The feds have told a company associated with alternative health guru Dr. Andrew Weil that it has crossed the line by selling an unapproved product for warding off the swine flu.
The FDA questions the evidence behind the herbal remedy astragalus as a cure-all for H1N1.
In a stern warning letter, the Food and Drug Administration and Federal Trade Commission told Weil Lifestyle LLC to stop marketing a dietary supplement called "Immune Support Formula" as a product that could "diagnose, mitigate, prevent, treat or cure the H1N1 Flu Virus in people."
The regulators pointed to a bunch of health claims on the Web they say are unsupported. Take a look, they said, at a page on the site Dr.Weil.com titled, "The Swine Flu- H1N1," and subtitled, "Swine Flu and You." The original page appears to have been taken down, but you can see an screengrab of the pagehere.
Our email and calls to Weil Lifestyle LLC for comment weren't returned immediately.
What bugged the regulators? For starters, the following advice attributed to Dr. Weil:
"[D]uring the flu season, I suggest taking a daily antioxidant, multivitamin-mineral supplement, as well as astragalus, a well-known immune-boosting herb that can help ward off colds and flu. You might also consider. .. the Weil Immune Support Formula[,] which contains both astragalus and immune-supportive polypore mushrooms ...."
The regulators go on to call out several other statements on the Web site about studies and scientific evidence to back the antiviral and immune-boosting power of the herb astragalus, an ingredient in Immune Support Formula.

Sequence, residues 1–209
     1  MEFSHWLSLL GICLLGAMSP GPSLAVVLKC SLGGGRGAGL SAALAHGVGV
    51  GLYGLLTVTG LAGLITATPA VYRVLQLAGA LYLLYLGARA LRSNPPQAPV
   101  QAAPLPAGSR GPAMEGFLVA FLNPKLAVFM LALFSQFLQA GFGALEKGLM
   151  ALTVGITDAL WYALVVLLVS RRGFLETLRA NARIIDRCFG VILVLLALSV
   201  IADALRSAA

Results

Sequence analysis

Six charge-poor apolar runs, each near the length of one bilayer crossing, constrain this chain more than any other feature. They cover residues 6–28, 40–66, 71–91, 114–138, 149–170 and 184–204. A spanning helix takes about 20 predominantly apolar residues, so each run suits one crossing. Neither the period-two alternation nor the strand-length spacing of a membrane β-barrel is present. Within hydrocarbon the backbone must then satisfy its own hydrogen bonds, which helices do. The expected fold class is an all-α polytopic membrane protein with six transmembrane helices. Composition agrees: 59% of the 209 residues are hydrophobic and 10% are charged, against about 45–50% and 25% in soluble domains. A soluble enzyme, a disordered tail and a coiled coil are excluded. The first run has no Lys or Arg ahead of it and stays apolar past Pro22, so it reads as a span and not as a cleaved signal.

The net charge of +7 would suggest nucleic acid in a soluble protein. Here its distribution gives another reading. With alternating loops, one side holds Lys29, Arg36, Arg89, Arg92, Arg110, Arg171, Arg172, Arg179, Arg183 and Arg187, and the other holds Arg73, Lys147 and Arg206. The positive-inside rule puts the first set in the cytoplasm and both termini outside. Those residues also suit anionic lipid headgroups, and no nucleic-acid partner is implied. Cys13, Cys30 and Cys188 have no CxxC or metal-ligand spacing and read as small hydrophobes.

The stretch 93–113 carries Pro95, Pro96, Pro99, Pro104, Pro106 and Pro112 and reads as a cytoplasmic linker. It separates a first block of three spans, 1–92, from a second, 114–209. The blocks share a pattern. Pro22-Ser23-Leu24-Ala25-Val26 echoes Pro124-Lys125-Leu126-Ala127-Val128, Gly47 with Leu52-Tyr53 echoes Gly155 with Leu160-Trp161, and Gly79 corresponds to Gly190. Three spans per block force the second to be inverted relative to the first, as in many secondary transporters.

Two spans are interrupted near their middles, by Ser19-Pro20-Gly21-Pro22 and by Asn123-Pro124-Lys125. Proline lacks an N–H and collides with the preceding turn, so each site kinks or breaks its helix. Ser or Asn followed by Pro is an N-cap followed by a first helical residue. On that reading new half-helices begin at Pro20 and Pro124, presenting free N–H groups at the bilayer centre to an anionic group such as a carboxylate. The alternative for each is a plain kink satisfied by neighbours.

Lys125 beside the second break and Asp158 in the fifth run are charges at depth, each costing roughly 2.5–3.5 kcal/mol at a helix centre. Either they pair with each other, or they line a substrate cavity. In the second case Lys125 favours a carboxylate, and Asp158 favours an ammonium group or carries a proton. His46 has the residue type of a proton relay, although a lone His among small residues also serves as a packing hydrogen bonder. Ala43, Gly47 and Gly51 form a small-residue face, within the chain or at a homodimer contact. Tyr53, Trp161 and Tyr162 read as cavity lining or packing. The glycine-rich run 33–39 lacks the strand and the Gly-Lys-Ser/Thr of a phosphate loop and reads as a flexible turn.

The NIH's National Center for Complementary and Alternative Medicine says, "The evidence for using astragalus for any health condition is limited." Data from small and preliminary studies suggest the herb may help the immune system fight infections, the NCCAM says, and researchers funded by the center are studying astragalus's effects on the immune system.
On "Larry King Live" last month, Weil recommended some "interesting strategies" to combat swine flu, including taking capsules of astragalus, which he called "perfectly safe."
King quipped that for a Harvard-educated doctor, Weil has some ideas that sound pretty "far-out." Weil responded, "Well, I don't think they should anymore." The FDA may have the last word on that.
Update: Weil issued a statement saying, "The content that was called into question in the warning was primarily educational, including appropriate strategies to avoid getting the flu this season." Nevertheless, Weil added, "I directed the website team to remove the FDA/FTC-referenced content for review, and they have done so."